Basil Whole Wheat Pizza

In Main dish on May 29, 2010 at 8:02 pm


Confession of a foodie: A mere two years ago, I was such a food n00b that I was shocked to learn that people could make pizza at home!  When someone suggested making their own pizza, I thought it was impossible because pizzas were clearly produced by a gigantic and magical pizza machine that we obviously lacked.  How were we supposed to create the same greasy monstrosity that Papa Johns pumped out of their pizza machines?

SHOCKINGANSWER:  People make their own pizzas all the time and they do not have to be loaded with grease and fat.

Learn more after the jump…

There are a few steps that one can take to reduce the amount of unnecessary trans fat and empty calories in a pizza.

First, use a whole wheat pizza crust or homemade pizza crust.  While I would love to make my own dough, I hardly have enough time to do my laundry, let alone watch dough rise.  Instead, I use an organic, pre-made, whole-wheat pizza crust.  I strongly recommend Rustic Crust; it is absolutely DELICIOUS!  I could eat just this crust all day.  Also, 1/4 of this dough will give you 32.5% of your daily fiber needs!  I buy mine at my local Co-Op.

Rustic Crust

Second, reduce or eliminate the cheese.  Try your pizza without cheese- if you make a full-flavored pizza with a lot of marinara sauce, you truly will not miss the cheese.  If you must use cheese, I recommend using fat-free or part-skim mozzarella cheese and using as little as possible.  In the recipe below, I used <1/4 cup- just enough to get a little color and please Josh, my boyfriend.  Now that he has tried this pizza and absolutely loves it, I will completely eliminate the cheese next time.

Third, don’t use meat (you had to see that one coming- this is a vegetarian blog, after all).  Instead, load your pizza with delicious and healthy vegetables, fruits and/or spices.  There are many vegetables and fruits that are absolutely wonderful on a pizza, such as mushrooms, tomatoes, broccoli, spinach, pineapple, and mango.  You really can’t go wrong… although I wouldn’t recommend grapes.  If you use fruits or vegetables that excrete water when they cook, either drain them or cook them ahead of time so your pizza is not soggy.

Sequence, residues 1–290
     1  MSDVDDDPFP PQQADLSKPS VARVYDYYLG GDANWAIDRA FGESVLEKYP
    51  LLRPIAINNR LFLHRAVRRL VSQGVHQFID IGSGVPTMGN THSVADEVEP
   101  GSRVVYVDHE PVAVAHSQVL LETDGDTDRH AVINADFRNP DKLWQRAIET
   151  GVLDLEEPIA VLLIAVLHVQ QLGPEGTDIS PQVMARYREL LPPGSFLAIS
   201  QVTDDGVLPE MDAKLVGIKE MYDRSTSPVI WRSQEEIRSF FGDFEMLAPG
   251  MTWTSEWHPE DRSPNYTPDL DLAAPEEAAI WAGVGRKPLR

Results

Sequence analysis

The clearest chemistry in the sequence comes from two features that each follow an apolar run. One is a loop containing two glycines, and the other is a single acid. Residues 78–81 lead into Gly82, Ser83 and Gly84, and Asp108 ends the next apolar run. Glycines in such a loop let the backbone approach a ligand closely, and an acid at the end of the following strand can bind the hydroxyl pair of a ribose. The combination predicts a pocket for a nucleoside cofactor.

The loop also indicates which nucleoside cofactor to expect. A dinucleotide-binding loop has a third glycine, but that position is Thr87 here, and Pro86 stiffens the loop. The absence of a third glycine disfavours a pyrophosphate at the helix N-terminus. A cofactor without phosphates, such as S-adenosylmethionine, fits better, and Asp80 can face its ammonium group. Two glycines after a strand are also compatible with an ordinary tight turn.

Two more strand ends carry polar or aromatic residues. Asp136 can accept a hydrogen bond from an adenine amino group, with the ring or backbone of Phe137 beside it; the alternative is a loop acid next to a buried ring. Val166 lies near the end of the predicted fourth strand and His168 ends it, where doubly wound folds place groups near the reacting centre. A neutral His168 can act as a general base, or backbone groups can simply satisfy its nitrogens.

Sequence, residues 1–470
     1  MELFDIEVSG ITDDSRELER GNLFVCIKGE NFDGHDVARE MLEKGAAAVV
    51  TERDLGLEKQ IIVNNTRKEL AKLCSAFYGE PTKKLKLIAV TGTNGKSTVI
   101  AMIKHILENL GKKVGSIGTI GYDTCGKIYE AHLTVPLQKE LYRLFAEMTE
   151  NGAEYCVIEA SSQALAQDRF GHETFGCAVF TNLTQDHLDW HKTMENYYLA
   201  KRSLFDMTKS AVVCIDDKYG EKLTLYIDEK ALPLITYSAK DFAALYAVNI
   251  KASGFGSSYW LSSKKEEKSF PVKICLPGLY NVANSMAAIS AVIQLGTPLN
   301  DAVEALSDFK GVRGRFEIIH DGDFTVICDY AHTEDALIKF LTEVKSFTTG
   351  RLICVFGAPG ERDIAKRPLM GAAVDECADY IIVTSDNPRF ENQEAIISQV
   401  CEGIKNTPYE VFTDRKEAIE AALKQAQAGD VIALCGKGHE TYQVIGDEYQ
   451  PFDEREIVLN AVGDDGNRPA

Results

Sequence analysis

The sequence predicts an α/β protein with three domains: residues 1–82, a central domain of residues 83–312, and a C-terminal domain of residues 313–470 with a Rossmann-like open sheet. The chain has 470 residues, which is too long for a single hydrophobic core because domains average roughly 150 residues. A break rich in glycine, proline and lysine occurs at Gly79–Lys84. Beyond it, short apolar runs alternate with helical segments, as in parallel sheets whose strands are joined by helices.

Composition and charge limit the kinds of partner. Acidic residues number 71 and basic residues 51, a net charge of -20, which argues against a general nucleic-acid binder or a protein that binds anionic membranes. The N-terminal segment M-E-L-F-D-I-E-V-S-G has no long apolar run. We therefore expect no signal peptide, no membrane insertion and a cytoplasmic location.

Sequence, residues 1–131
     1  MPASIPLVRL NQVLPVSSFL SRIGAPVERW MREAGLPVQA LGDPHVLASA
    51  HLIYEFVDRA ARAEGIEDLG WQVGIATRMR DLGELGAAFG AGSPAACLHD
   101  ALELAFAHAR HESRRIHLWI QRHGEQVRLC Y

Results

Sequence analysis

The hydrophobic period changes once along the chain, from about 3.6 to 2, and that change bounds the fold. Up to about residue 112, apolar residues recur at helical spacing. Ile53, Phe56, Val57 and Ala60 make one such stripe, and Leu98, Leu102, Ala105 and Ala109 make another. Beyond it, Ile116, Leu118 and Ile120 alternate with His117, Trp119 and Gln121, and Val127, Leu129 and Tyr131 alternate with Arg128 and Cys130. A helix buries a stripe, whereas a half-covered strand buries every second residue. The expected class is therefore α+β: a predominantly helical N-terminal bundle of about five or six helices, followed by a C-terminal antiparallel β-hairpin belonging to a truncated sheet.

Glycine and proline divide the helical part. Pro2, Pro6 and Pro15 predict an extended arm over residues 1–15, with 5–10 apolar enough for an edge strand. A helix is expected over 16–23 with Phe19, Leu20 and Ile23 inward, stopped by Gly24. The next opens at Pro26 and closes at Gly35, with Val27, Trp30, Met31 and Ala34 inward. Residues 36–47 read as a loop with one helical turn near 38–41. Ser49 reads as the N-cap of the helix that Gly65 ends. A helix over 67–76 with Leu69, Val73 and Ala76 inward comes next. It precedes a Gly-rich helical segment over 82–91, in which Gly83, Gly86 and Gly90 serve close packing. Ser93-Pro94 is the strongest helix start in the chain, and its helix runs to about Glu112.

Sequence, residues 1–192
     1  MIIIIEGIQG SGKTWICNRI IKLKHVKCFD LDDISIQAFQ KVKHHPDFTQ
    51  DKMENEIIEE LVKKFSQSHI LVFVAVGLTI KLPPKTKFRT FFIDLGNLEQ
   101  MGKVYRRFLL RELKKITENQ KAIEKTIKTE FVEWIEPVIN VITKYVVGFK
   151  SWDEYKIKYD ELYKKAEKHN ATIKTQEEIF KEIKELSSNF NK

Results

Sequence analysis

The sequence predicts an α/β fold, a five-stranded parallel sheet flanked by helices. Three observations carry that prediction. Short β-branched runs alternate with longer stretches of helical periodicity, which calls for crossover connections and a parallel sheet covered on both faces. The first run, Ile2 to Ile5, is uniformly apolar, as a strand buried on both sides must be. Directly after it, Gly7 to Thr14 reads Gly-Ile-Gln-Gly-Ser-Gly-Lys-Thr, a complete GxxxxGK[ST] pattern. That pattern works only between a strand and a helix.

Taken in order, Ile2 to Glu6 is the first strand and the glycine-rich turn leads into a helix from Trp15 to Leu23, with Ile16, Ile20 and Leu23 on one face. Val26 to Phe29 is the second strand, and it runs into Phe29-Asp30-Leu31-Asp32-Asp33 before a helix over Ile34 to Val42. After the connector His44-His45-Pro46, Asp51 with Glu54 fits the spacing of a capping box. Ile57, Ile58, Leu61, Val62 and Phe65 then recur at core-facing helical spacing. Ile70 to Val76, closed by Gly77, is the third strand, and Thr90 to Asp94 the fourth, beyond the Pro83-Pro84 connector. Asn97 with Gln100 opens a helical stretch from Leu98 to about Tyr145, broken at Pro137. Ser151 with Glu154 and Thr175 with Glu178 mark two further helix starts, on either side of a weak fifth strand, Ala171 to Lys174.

Also, either use an organic, low-sodium marinara sauce or make your own sauce.  Per usual, I chose the former option.

Finally, don’t use oil.  Plain and simple.  I don’t abhor oil but if you make pizza the same way that I do, it is not necessary.

To prevent overeating, I recommend prefacing the pizza consumption with a nice salad.  I didn’t do that tonight but a dinner salad is often a nice addition.


  • 1 tomato, diced
  • 2 garlic cloves, finely chopped
  • 3 fresh whole white mushrooms, sliced
  • 1 pre-baked, whole-wheat, organic pizza crust (ex. Rustic Crust)
  • 1/2 onion, finely chopped
  • 2 tbsp chopped fresh or dried basil
  • 1/2 jalapeño pepper (or to taste, optional)
  • 2/3 cup organic, low sodium marinara sauce
  • 3 tsp Italian seasoning
  • 1/4 cup fat-free or part-skim mozzarella or soy cheese (optional)


  1. Preheat oven to 450 degrees F.
  2. Put the diced tomatoes in a strainer and let them drain as your prepare the other ingredients.
  3. Lightly spray the bottom of a pan with non-stick spray. Sauté the mushrooms over low heat until the water is expelled.
  4. Spread the garlic over the crust.
  5. Combine the Italian seasoning and marinara sauce in a bowl.
  6. In a separate bowl, combine the drained tomatoes, onion, basil, jalapeno, and mushrooms.
  7. Spread the marinara sauce evenly over the pizza crust, leaving about 1’’ around the perimeter untouched.
  8. Distribute the bowl of vegetables and spices over the marinara sauce.
  9. If you elect to use cheese, sprinkle it over the top of the pizza.
  10. Bake the pizza in the pre-heated oven for 10 minutes.

While it will be hard to resist, let the pizza cool for 5 minutes before devouring!



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